In London, a real-estate scam puts millions of pounds up for grabs, attracting some of the city's scrappiest tough guys and its more established underworld types, all of whom are looking to get rich quick. While the city's seasoned criminals vie for the cash, an unexpected player -- a drugged out rock 'n' roller presumed to be dead but very much alive -- has a multi-million dollar prize fall into... See full summary »
A young man who was sentenced to seven years in prison for robbing a post office ends up spending three decades in solitary confinement. During this time, his own personality is supplanted by his alter-ego, Charles Bronson.
Jewish brothers in Nazi-occupied Eastern Europe escape into the Belarussian forests, where they join Russian resistance fighters and endeavor to build a village in order to protect themselves and about 1,000 Jewish non-combatants.
A case of mistaken identity lands Slevin into the middle of a war being plotted by two of the city's most rival crime bosses: The Rabbi and The Boss. Slevin is under constant surveillance by relentless Detective Brikowski as well as the infamous assassin Goodkat and finds himself having to hatch his own ingenious plot to get them before they get him.
A botched card game in London triggers four friends, thugs, weed-growers, hard gangsters, loan sharks and debt collectors to collide with each other in a series of unexpected events, all for the sake of weed, cash and two antique shotguns.
A successful cocaine dealer, who has earned a respected place among England's Mafia elite, plans an early retirement from the business. However, big boss Jimmy Price hands down a tough assignment: find Charlotte Ryder, the missing rich princess daughter of Jimmy's old pal Edward, a powerful construction business player and gossip papers socialite. Complicating matters are two million pounds' worth of Grade A ecstasy, a brutal neo-Nazi sect and a whole series of double crossings. The title "LAYER CAKE" refers to the layers or levels anyone in business goes through in rising to the top. What is revealed is a modern underworld where the rules have changed. There are no 'codes', or 'families' and respect lasts as long as a line. Not knowing who he can trust, he has to use all his 'savvy', 'telling' and skills which make him one of the best, to escape his own. The ultimate last job, a love interest called Tammy, and an international drug ring threaten to draw him back into the 'cake mix'. ... Written by
When XXXX goes to lunch with the boss at the clubhouse at the beginning of the movie, the position and composition of golfers on the green and golf bags propped at the flagpole changes between the aerial and ground shot. See more »
When I was born, the world was a far simpler place. It was all just cops and robbers.
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The film lacks a traditional opening title. The title Layer Cake appears ten minutes into the film on a door that XXXX walks through. See more »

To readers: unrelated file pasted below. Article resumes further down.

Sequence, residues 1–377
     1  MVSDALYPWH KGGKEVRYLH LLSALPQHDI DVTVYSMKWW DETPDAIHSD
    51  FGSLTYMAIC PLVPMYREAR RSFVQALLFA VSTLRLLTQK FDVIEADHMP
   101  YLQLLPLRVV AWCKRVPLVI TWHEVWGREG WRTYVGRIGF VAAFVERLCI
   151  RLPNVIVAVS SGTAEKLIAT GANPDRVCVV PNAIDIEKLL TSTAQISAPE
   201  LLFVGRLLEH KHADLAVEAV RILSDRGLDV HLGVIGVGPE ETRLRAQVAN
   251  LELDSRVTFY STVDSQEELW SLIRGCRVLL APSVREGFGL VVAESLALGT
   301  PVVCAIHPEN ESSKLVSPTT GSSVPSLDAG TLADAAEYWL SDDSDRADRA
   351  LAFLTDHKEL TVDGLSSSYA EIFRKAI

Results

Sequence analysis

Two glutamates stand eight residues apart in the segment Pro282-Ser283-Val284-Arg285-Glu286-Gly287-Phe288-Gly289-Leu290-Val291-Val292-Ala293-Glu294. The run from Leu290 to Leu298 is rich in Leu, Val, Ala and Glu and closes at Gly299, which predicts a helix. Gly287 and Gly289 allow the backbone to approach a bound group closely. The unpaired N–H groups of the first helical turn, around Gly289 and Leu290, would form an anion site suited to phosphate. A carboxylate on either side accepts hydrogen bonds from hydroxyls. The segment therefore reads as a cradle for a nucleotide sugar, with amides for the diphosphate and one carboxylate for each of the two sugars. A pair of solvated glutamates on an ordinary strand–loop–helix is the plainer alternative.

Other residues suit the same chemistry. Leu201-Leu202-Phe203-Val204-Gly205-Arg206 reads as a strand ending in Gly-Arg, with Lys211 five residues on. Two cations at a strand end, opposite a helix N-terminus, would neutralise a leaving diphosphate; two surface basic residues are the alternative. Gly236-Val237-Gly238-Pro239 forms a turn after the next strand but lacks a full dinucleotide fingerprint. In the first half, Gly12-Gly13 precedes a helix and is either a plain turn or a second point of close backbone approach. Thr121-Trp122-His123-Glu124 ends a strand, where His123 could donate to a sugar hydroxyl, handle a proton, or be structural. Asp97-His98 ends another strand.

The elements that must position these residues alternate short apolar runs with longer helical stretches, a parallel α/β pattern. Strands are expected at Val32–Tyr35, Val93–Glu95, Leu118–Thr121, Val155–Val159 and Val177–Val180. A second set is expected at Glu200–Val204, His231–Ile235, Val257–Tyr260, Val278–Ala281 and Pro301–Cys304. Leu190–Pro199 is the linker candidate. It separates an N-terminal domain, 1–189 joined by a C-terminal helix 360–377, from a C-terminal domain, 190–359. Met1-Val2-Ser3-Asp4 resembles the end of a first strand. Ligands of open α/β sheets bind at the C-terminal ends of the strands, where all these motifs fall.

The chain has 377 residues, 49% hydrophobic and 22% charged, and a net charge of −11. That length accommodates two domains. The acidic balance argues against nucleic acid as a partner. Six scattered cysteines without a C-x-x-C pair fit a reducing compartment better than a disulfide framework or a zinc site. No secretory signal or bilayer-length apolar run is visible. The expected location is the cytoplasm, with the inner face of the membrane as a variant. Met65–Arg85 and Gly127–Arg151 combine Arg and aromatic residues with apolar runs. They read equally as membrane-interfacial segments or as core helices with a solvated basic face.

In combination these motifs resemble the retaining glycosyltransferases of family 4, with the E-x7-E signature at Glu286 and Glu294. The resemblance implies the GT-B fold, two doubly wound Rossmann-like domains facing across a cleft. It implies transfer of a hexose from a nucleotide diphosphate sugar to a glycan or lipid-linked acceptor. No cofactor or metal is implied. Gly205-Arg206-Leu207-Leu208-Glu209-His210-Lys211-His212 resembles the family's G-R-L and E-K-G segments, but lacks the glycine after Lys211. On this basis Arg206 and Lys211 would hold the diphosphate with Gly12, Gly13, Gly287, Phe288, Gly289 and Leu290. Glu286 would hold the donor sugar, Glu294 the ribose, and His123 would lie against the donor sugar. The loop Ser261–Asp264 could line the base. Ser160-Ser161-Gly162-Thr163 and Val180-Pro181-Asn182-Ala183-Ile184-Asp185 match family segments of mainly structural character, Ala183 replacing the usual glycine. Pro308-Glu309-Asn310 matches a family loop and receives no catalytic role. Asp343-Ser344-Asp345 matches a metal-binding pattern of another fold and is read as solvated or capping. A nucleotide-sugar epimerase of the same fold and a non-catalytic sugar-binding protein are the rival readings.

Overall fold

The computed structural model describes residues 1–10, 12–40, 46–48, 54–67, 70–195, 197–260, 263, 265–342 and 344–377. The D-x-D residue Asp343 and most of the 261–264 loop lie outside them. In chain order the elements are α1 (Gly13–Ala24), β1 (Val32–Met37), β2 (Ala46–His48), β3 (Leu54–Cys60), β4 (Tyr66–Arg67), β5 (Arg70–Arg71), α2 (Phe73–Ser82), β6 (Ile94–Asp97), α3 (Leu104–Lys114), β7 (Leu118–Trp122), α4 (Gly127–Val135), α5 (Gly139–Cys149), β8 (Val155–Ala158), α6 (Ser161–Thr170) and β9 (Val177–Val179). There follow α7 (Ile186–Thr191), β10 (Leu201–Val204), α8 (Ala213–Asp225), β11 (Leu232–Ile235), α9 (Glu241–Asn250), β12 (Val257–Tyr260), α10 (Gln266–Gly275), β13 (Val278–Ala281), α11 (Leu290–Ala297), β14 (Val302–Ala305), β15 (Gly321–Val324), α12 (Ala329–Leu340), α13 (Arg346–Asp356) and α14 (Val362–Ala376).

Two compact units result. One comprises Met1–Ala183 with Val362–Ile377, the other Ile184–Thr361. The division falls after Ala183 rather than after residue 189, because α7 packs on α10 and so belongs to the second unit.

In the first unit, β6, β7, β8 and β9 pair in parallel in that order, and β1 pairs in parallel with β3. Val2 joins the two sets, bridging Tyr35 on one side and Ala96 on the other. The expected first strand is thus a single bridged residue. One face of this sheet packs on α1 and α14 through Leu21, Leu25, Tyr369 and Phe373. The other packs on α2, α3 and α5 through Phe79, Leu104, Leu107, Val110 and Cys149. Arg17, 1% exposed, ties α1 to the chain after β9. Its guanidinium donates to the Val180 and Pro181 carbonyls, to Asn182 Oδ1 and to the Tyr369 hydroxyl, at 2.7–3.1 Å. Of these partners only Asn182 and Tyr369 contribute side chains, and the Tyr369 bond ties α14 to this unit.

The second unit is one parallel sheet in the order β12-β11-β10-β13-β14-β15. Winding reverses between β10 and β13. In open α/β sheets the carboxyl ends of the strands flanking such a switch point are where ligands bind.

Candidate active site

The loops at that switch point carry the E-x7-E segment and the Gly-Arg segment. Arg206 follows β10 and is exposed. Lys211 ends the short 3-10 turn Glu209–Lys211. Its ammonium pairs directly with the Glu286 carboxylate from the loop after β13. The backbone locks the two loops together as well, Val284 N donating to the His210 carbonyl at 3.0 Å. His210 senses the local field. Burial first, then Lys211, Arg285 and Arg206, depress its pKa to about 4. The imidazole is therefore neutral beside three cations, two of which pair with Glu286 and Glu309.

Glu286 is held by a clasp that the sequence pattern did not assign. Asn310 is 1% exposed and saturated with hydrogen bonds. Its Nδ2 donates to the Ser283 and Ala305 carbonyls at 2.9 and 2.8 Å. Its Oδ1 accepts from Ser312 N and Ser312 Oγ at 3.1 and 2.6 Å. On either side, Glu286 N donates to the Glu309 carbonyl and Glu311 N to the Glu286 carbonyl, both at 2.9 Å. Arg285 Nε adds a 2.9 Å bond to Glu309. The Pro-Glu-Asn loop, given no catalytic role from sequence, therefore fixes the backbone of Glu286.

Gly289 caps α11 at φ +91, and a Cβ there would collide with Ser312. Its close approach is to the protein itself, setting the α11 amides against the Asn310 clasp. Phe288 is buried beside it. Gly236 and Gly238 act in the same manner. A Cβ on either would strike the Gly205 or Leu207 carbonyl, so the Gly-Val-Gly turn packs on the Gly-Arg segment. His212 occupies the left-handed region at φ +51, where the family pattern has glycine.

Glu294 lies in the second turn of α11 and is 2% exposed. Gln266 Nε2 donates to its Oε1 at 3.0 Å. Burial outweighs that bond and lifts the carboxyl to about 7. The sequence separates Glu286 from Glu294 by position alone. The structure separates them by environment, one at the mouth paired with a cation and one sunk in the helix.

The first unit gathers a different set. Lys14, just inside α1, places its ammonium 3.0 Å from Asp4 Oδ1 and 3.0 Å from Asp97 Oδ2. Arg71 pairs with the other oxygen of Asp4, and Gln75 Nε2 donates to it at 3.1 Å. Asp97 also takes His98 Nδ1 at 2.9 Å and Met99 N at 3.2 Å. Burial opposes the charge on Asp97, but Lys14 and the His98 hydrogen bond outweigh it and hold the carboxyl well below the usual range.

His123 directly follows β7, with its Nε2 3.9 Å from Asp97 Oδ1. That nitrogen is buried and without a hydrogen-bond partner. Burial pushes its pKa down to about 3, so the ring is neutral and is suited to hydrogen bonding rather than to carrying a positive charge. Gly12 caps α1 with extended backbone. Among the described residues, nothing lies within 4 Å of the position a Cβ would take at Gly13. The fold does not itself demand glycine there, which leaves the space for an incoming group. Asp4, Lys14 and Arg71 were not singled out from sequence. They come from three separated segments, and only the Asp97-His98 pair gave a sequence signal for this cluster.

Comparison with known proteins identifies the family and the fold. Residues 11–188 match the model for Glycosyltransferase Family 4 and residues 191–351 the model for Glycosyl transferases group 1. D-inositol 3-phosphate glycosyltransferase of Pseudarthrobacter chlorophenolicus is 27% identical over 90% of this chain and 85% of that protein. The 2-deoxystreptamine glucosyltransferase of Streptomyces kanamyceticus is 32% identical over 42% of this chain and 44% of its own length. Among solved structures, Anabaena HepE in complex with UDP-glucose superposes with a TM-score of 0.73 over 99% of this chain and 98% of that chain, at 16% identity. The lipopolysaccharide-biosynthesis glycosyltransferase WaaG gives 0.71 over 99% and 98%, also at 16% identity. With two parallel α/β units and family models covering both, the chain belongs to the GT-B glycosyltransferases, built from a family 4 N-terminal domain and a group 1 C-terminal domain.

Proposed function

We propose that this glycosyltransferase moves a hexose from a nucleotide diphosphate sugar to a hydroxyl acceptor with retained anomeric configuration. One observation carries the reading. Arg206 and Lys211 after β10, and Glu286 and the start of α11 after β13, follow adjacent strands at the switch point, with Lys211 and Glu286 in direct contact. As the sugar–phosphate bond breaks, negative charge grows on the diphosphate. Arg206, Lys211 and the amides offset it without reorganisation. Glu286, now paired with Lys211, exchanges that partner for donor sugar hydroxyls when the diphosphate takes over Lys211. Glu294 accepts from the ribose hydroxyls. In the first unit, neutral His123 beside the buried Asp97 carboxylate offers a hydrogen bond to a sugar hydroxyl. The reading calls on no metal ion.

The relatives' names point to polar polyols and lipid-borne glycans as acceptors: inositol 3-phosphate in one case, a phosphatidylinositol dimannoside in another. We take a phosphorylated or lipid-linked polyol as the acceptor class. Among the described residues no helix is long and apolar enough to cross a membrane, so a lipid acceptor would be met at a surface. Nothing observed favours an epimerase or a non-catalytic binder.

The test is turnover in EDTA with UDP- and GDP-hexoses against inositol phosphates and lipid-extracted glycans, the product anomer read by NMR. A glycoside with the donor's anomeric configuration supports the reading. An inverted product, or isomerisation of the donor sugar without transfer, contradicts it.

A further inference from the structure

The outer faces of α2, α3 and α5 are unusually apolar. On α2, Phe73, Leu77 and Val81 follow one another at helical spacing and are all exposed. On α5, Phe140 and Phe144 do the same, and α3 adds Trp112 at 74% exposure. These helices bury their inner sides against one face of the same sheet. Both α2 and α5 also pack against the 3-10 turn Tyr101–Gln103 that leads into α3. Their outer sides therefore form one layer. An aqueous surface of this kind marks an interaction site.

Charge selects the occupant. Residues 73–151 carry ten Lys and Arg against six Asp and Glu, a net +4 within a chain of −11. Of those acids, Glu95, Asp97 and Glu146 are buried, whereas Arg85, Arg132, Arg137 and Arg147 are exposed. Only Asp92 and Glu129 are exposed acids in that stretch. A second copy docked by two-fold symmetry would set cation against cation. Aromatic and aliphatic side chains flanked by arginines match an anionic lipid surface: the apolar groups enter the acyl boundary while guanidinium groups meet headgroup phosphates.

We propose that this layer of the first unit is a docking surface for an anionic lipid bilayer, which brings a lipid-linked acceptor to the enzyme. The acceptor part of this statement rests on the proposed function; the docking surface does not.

The trailers to Layer Cake left me with mixed feelings. Usually when a trailer needs to draw reference to 'one's we made earlier' (in this case Lock, Stock, and Snatch) when the writer or director of said films has nothing to do with the project, the end result is a poor copycat. After watching the film, I am more than impressed!
Layer Cake introduces us (once more) to the world of the cockney gangsters, and the dealing of drugs. The medication of choice this time is Ecstacy, and the set up involves an up-and-coming name in the dealing trade being thrown a job by one of the big names. Sent to find a missing girl, and also buy and sell on a large shipment, it all seems like easy work. However, as he soon finds, things are not always as they seem, and before long his life is at risk when the deal begins to go sour.
For the first 20 minutes of the film I couldn't decide whether it was going to be a Lock, Stock, or Honest (the dreadful All Saints film). The film uses the obligatory 'catchy' tunes from the past 2 decades, and uses the same type of framing of scenes as the genre. For the first 20 minutes, whilst we were introduced rapidly to the characters in the tale, it was hard to discern where the plot was going, and even harder to care much about the players. By the half way point I was engrossed! The plot twists and turns at various points throughout, and you do begin to care about the lead character and the associates around him.
The film oozes cockney cool, and although not quite on par with the best of the genre, it is still a worthy, and very engrossing, offering from director Matthew Vaughn. Stylishly shot, with a great soundtrack, this is one of those films that blokes will walk out of very pleased, but their partners may not feel the same way. Whilst not really violent or sexist in nature, this is a lads film through and through, and it is one cake that I want another slice of.
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